by Shameem Akhtar
Posted by MydeaMedia
NERVOUS believers fear it to be spooky, disbelievers dismiss it as plain hallucination, while adherents attest to its power. But mediums claim they hold the key to a walkway to the spirits, often those of their beloved dead. And Mumbai, despite its overt materialism, also quarters the otherworldly. In fact, many, including Rhea Pillai, dancer Shiamak Davar, industrialist Yash Birla, have accessed it.
Davar has regular heart-to-hearts with his dead gran, Birla has found solace after the soul-crushing death of his parents and sister in an air-crash, while Pillai communed with a spirit to confirm if her beau, filmstar Sunjay Dutt, would find reprieve from his incarceration.
The most common practices in India are automatic writing where the spectre is said to guide the medium's hand to scribble out a message, the mysterious ouija board that many have tapped as frightened but curious children, clairvoyance or clair-audience with the spirit whispering into the medium's ear, and trance of the possessed. In fact, a few mediums in Mumbai have translated their incorporeal experiences into books. Pune-based Nan Umrigar, mother of the teenaged jockey Karl who died tragically from a horsefall while racing for the championship trophy, has written the
Sounds of Silence. What started out as a bereaved mother's bid to reach out to her dead son has now grown into mediumship, where she helps others facing losses like hers, promising them messages from the phantom world with her son as 'intermediary'. Shops, tentatively stocking her book, find it has been a sell-out. Khorshed Bhavnagiri who, with her husband Rumi, now dead, has "communicated" with the spirits of her young sons Ratoo and Vispi killed in a crash while on a pre-trial run before a car rally, has already written a three-part book on The Laws of the Spirit World. Even as these have gone into their sixth reprint, she has completed book four, to be released next month. Her books are inexpensive, costing between Rs 16 and Rs 28, and her sessions are free-of-cost. So, her phone peals non-stop, with curious callers eager to learn about the world of ghosts, where to get her books and her classes on how-to-become-a-medium.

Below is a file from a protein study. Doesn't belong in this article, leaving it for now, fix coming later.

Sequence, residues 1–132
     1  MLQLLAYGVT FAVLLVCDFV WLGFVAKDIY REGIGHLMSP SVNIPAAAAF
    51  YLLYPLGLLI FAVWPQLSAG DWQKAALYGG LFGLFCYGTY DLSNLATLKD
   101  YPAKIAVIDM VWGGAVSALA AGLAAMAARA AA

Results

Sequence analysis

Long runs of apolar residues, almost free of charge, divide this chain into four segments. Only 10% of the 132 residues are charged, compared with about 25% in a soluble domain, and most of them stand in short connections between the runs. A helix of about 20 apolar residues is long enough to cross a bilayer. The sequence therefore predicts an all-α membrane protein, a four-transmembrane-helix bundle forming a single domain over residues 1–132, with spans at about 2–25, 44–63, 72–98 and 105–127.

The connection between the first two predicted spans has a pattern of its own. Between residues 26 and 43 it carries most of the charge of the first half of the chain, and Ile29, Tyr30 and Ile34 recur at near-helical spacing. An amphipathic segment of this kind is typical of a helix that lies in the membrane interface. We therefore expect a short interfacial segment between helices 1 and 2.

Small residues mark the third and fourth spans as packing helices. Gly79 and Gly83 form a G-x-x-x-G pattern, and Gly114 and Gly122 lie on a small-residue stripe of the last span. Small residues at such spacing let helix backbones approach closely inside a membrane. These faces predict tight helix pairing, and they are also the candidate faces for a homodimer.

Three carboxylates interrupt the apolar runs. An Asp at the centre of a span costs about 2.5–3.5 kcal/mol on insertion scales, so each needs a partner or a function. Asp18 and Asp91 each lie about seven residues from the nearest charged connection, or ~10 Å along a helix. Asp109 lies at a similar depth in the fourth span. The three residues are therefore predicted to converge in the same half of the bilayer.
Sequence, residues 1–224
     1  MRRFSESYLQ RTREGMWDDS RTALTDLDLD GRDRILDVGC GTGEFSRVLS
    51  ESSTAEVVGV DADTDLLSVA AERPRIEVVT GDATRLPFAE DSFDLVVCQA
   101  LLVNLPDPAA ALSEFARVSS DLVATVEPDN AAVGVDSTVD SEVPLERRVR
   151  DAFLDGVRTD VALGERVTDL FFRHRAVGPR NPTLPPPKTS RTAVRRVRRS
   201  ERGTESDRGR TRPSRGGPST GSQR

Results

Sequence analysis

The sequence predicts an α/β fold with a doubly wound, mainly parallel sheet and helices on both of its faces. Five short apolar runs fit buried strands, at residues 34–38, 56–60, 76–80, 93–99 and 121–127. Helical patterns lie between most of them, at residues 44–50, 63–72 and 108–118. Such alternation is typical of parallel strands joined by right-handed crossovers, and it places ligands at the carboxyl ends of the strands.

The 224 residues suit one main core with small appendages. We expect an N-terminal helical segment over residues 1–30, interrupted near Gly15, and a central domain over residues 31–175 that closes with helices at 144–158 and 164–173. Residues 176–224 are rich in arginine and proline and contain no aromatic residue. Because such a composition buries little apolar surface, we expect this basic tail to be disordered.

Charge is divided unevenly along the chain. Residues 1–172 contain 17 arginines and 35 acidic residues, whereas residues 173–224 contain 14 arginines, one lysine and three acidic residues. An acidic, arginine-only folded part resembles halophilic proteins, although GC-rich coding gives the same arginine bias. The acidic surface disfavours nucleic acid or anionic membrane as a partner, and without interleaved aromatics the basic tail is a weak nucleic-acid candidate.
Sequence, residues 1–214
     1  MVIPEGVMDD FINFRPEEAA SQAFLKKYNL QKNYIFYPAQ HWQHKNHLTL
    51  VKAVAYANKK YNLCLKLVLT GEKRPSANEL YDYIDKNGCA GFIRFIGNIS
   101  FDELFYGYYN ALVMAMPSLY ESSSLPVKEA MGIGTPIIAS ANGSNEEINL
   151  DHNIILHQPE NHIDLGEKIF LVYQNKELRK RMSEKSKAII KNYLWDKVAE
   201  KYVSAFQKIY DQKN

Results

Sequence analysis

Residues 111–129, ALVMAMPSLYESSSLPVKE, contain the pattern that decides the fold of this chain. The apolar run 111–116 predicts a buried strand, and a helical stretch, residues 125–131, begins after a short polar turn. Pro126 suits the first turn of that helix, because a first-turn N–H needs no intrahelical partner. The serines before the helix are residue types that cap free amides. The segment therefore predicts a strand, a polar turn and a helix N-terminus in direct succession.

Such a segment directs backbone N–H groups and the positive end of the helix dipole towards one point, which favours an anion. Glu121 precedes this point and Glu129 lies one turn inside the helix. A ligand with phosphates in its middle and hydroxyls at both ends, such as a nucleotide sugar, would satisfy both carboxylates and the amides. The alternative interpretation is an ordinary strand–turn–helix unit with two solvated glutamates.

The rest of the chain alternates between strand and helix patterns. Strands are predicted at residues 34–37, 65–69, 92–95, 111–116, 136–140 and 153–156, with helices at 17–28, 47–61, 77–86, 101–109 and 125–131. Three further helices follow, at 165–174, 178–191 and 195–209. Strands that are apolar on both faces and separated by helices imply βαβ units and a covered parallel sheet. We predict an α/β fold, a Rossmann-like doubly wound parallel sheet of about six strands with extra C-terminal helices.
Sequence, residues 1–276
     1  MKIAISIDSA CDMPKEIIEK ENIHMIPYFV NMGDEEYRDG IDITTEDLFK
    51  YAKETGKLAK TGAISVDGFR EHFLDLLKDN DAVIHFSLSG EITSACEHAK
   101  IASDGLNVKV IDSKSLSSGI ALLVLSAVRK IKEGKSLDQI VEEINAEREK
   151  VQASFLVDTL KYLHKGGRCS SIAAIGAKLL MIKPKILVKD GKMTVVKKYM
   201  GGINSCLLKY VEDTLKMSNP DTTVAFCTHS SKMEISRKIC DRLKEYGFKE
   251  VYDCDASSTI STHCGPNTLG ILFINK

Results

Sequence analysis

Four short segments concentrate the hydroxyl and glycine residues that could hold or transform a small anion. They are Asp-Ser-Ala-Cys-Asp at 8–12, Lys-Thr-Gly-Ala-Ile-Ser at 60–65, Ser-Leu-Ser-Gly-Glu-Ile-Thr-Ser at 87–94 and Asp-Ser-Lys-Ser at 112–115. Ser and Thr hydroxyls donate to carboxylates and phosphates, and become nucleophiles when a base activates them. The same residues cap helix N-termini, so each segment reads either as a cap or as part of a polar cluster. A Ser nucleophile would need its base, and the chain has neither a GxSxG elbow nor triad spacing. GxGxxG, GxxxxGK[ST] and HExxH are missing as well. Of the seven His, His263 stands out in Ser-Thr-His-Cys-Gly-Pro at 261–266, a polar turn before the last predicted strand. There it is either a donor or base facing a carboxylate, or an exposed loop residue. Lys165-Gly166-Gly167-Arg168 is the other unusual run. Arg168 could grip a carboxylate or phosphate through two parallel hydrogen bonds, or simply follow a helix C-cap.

She speaks of a seven-realm phantom world, a place of candyfloss clouds and perfect peace, of spirit guides for dogs on earth, of a Yeti with an animal soul that has turned human and how earthly pests like roaches and mosquitoes should not be destroyed since they, too, have souls. Sceptics may sniff and snigger, but her circle of believers only seems to expand.
Inconsolable Nan Umrigar mourned for six desolate years before curiosity in the after-life pushed her into probing out the mediums. She beat a track to the local mediums Bhavnagiris, Prabhavati Rishi, the Phiroze Wadia couple, internationally renowned Coral Polge, and attended sessions at England's Arthur Findley College of psychic sciences where she saw the competitiveness of mediums practising it as a profession. She finds her son's irrepressible spirit all around, in his promise to be present at sister Tina's wedding as "golden threads in her hair", making appearances in various garbs, one day as a foreigner named Karlstorm, or a woman with braces like those he wore, or generously offering prescriptions for ailments in the family.